The history of Pueblo de San Ildefonso dates back to the 1300s when the original inhabitants moved from the Bandelier area to this location after a prolonged drought. The Pueblo is close to the Rio Grande. These Ancient Puebloans had originally come from the settlement at Mesa Verde, Colorado.
In the 1500s, the Puebloans came in contact with the Spanish. In 1591, Casper Castaño visited the Pueblo. Then, in 1595, Antonio Gutierrez de Umana, and Francisco Leyba de Bonilla headed an unauthorized expedition into New Mexico. They made San Ildefonso their main headquarters.
In 1598, Juan de Oñate came to the area and officially gave the Pueblo its name. Around this time, the village was moved to its present location. Later in 1610, Fray Andrés Bautista created the first permanent mission here.
But the Spanish brought troubles to the people. They required that the Pueblo communities pay tribute to them as well as convert to Catholicism. The Pueblo Revolt of 1680 resulted in the Spanish being expelled from the region for a while, and the San Ildefonso people were a major part of that uprising.
The people resisted the Spanish for several more years after they came back to the area. It wasn’t until 1694 that the Spanish were able to remove the Tewa and Tano people from the mesa. Then, a drought in 1695 that weakened the colonists encouraged the Pueblos to rebel again in 1696. But the mission was reestablished, and a church was built in the village in the 1700s.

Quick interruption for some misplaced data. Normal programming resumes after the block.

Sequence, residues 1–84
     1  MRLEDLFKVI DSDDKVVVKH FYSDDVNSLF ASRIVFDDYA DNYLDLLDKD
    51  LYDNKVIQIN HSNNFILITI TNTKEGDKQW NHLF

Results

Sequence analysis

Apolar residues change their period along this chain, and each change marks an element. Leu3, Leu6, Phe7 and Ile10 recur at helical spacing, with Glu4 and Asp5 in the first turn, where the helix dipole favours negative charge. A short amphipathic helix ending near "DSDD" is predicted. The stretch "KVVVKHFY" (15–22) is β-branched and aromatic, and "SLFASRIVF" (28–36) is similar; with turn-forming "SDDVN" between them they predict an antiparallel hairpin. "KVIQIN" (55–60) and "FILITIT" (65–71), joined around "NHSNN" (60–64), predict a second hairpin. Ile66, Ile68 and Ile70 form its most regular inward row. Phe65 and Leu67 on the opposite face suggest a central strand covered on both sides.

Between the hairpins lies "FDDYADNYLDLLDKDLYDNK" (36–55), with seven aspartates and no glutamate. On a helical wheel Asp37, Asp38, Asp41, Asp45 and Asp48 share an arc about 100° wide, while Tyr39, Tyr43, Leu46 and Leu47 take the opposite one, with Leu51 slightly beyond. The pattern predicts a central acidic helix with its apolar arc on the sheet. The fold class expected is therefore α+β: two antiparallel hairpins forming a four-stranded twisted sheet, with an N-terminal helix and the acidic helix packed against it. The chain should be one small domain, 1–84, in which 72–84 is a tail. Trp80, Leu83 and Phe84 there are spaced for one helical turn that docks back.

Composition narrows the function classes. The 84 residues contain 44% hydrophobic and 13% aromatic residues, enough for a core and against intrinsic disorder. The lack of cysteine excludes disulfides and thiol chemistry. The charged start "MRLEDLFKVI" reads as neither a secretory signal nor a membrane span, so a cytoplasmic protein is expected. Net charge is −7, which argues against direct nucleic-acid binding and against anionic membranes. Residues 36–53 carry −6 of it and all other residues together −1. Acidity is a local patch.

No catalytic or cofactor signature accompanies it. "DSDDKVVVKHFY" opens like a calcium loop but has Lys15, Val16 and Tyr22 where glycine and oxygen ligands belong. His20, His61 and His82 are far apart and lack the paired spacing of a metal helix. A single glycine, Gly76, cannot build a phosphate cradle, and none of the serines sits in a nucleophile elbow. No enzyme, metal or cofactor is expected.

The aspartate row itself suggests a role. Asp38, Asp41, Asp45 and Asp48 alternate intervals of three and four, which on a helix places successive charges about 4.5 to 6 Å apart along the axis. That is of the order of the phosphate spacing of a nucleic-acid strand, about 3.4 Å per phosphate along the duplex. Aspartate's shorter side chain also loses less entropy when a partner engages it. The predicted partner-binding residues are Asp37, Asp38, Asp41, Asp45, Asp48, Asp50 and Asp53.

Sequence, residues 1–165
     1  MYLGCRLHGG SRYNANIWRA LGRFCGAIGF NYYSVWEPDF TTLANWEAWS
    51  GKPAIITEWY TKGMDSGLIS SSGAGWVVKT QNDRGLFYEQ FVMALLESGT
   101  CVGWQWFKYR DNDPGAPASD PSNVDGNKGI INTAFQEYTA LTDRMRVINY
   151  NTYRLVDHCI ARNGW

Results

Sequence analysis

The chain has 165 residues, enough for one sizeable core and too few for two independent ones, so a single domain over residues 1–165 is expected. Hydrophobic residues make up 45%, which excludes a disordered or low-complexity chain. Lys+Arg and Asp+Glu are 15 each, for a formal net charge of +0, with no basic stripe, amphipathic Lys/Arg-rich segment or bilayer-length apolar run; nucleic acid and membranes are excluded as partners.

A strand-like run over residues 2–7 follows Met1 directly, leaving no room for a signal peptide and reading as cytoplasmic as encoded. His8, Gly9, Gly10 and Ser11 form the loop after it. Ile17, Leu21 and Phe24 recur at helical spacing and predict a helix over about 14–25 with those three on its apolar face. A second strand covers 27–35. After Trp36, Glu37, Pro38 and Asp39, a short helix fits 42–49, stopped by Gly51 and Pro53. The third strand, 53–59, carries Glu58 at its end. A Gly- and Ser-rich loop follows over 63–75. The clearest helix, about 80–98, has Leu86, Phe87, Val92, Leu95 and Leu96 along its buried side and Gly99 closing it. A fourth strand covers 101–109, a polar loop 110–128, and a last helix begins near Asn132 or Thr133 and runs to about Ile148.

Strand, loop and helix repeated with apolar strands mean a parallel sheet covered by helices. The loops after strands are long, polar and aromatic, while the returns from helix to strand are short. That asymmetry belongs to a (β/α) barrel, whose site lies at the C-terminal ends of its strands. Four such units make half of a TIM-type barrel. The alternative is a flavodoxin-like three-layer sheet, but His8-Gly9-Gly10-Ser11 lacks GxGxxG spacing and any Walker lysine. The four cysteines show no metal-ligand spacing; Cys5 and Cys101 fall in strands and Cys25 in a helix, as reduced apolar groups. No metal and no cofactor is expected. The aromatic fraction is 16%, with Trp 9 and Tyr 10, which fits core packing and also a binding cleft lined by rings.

In 1821, the area was ruled by Mexico. In 1848, after the Treaty of Guadalupe Hidalgo, it became part of the United States. After Congress created the reservation system in 1858, a grant of over 17,000 acres of land was given to the village in 1864. It is still a federally recognized tribe.
The Pueblo is today comprised of 60,000 acres and about 750 people live there. It is made up of traditional kivas, a central plaza and a 1960s replica of a 1700s church.
Historical Marker Inscription
In the 1500s, migrants from the Pajarito Plateau joined their Tewa-speaking relatives at San Ildefonso. The pueblo is famous as the home of the late Maria Martinez and other makers of polished black pottery. The modern church, a replica of that of 1711, was finished in 1968.
Off State Road 502 along the Rio Grande Valley, East of Los Alamos
N 35.89197, W 106.11836